It will be noted that the pedestal 40 shown in FIGS. 4-8 includes a plurality of stops, in this case first stop 42 and second stop 43. Multiple stops are included so that, for a free-fall situation, a stop will be disposed within a small distance from the end of the leg member 30 so that the maximum distance of the free fall will be limited. The larger the number of stops, the smaller the maximum distance of free fall. For example, instead of the two steps shown in FIGS. 4-8, three stops could be used, as shown in FIG. 12. As will be appreciated by one of skill in the art, geometries and spacing may limit the number of stops that may practically be included on the pedestal. Further, the pedestal 40 may be provided with a lipkeeper 130 as in FIG. 11. The lip 21 is disposed behind the lipkeeper 130 when the dock leveler 10 is in the stored, or cross-traffic position. The lipkeeper 130 prevents the lip from being pulled out with the leveler in a cross-traffic position, which could represent a security issue, since an intruder could lower the leveler with the lip extended and enter the building through the gap between the building door and the deck. It should also be noted that although the dock leveler is shown in FIG. 4 as resting on the lip 21 in the cross-traffic position, the leg member 30 could alternatively be engaged on the pedestal 40 to support the weight of the deck in this position.
FIGS. 13-16 show alternative embodiments of the invention. Since components are similar to the embodiment shown in FIGS. 4-12, the same reference numbers with a prime (′) designation will be used. These embodiments do not include members for sensing the departure of the vehicle, nor for retracting the leg member for normal operation. They do show, however, the advantageous feature of disposing the leg member adjacent the front end of the deck 12, illustratively either on the same hinge 11′ as the lip 21′ (FIGS. 13 and 14), or disposed at the front end of the deck 12, but on a separate hinge 33 disposed beneath the lip hinge 11′. The structure and operation of the leg member 30′ in FIGS. 13 and 14 is the same as that in FIGS. 4-8, but without the ability to retract the leg member 30′ for normal operation without stump-out. A bar linkage 100′ is provided to retract the leg member 30′ for below-dock service. The leg member 30′ shown in FIG. 15 is also similar in operation, but disposed on a hinge 33 beneath the main hinge 11′. The leg member 30′ of FIG. 16 is slightly different in that it is intended to be retracted rearwardly for a below-dock end load. Toward that end, pull-chain 115′ is connected directly to the leg member 30′ at a lug 116. A compression spring 170 is shown disposed between the leg member 30′and the header 14′ tends to rotate the leg member 30′ back to a supporting position once the chain 115′ is released. A stop member 180 is also disposed on the header 14′ to limit the forward rotation of the leg member 30′, and maintain it in a supporting position.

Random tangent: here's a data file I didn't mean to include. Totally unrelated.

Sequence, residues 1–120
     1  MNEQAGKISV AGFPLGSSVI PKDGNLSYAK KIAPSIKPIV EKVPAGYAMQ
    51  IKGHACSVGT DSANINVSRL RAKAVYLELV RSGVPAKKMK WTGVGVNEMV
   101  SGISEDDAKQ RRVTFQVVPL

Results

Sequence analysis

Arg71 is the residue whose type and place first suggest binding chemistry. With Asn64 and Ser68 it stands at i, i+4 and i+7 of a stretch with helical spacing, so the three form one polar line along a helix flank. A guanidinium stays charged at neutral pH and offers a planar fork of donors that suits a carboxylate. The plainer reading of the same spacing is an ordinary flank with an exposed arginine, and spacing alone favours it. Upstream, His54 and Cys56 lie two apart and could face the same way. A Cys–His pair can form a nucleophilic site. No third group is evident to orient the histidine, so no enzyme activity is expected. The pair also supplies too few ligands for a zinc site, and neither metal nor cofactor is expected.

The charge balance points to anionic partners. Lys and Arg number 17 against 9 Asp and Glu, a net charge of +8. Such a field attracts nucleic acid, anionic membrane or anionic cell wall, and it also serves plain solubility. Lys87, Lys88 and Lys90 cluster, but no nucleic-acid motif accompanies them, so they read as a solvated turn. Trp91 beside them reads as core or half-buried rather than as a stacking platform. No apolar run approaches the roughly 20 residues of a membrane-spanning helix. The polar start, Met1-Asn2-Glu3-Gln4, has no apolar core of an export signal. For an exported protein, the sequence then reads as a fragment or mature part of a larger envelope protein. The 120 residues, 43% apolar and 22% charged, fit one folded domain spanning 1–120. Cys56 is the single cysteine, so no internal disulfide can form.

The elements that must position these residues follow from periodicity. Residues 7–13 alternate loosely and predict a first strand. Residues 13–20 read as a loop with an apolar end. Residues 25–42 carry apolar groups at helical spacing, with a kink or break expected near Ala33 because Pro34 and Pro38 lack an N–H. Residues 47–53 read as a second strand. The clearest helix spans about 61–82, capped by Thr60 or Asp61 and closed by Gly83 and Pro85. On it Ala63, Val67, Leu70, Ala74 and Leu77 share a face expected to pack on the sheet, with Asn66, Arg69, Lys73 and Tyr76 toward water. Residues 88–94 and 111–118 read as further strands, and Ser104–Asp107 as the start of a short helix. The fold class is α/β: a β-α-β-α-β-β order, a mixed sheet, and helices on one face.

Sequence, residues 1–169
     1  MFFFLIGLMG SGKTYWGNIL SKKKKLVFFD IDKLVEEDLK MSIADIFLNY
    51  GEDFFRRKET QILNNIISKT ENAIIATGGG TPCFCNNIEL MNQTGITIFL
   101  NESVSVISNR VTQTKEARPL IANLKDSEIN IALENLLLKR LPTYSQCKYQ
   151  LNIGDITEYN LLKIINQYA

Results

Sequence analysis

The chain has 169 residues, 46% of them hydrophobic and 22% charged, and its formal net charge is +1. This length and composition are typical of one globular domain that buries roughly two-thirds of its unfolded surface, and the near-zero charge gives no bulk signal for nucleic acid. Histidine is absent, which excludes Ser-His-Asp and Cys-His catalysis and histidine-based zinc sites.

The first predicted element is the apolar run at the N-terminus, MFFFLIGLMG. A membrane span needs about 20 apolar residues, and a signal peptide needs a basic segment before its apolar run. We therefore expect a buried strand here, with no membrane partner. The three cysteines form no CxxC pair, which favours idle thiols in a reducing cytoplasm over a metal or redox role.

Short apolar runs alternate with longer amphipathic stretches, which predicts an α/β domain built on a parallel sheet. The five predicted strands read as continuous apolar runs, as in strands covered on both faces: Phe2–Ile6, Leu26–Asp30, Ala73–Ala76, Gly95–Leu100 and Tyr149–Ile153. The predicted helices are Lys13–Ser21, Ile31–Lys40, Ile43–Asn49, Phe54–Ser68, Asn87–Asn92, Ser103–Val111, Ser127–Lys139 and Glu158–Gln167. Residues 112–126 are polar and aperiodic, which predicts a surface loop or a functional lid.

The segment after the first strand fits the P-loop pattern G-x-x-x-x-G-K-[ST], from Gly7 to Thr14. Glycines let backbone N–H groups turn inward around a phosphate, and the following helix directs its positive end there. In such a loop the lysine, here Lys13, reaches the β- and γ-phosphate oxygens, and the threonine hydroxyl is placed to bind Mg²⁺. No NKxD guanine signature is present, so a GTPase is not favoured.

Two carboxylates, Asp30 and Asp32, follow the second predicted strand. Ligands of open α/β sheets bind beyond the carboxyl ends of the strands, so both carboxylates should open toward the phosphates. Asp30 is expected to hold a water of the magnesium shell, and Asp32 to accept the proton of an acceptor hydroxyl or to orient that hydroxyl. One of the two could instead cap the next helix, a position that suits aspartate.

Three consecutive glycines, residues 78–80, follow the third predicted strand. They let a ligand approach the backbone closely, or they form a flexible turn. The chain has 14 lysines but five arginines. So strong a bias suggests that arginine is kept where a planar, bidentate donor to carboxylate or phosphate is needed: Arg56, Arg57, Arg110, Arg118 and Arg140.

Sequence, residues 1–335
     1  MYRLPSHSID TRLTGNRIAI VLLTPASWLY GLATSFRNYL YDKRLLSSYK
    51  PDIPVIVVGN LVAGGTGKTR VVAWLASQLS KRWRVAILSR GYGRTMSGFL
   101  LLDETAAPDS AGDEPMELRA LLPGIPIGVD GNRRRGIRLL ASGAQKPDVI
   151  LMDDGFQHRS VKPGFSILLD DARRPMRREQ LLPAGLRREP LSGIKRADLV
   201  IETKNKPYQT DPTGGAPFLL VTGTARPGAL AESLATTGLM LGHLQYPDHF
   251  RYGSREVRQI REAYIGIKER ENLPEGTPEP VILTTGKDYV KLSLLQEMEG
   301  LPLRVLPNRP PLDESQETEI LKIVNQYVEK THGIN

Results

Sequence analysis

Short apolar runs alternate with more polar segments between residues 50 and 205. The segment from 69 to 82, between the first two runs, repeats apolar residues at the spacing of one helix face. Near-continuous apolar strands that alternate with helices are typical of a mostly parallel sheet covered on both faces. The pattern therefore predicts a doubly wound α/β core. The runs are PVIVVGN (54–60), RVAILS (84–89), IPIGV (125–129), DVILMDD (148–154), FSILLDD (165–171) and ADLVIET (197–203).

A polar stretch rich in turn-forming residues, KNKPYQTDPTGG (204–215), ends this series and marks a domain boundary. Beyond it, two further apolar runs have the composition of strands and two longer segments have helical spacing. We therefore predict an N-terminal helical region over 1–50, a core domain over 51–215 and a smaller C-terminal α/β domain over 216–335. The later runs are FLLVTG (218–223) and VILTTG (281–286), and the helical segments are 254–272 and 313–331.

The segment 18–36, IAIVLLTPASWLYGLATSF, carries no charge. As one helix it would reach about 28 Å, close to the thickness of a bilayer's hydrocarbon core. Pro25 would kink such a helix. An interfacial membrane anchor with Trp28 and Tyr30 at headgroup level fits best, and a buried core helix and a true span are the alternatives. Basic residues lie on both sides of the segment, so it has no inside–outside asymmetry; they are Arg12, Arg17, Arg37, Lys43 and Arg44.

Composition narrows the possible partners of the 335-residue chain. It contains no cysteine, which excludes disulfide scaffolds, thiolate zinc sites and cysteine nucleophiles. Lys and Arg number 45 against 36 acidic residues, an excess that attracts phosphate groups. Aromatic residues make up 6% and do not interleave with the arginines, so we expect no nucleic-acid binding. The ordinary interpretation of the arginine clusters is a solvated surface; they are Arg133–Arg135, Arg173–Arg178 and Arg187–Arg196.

There has thus been disclosed a dock leveler including a safety leg assembly that prevents stump out from occurring, while providing protection against uncontrolled free fall. While embodiments of the invention have been disclosed herein, such embodiments are not intended to be limiting of the scope of the claimed invention. Rather, the invention claimed encompasses all improvements, modifications, or equivalents to these embodiments, or components thereof, as may fall within the scope of the following claims.
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|U.S. Classification||14/71.1, 14/69.5, 14/71.3|
|Jun 6, 1997||AS||Assignment|
Owner name: RITE-HITE CORPORATION, WISCONSIN
Free format text: ASSIGNMENT OF ASSIGNORS INTEREST;ASSIGNOR:SPRINGER, SCOTT L.;REEL/FRAME:008546/0332
Effective date: 19970404
|Sep 28, 1998||AS||Assignment|
Owner name: RITE-HITE HOLDING CORPORATION, WISCONSIN
Free format text: ASSIGNMENT OF ASSIGNORS INTEREST;ASSIGNOR:RITE-HITE CORPORATION;REEL/FRAME:009476/0504
Effective date: 19971231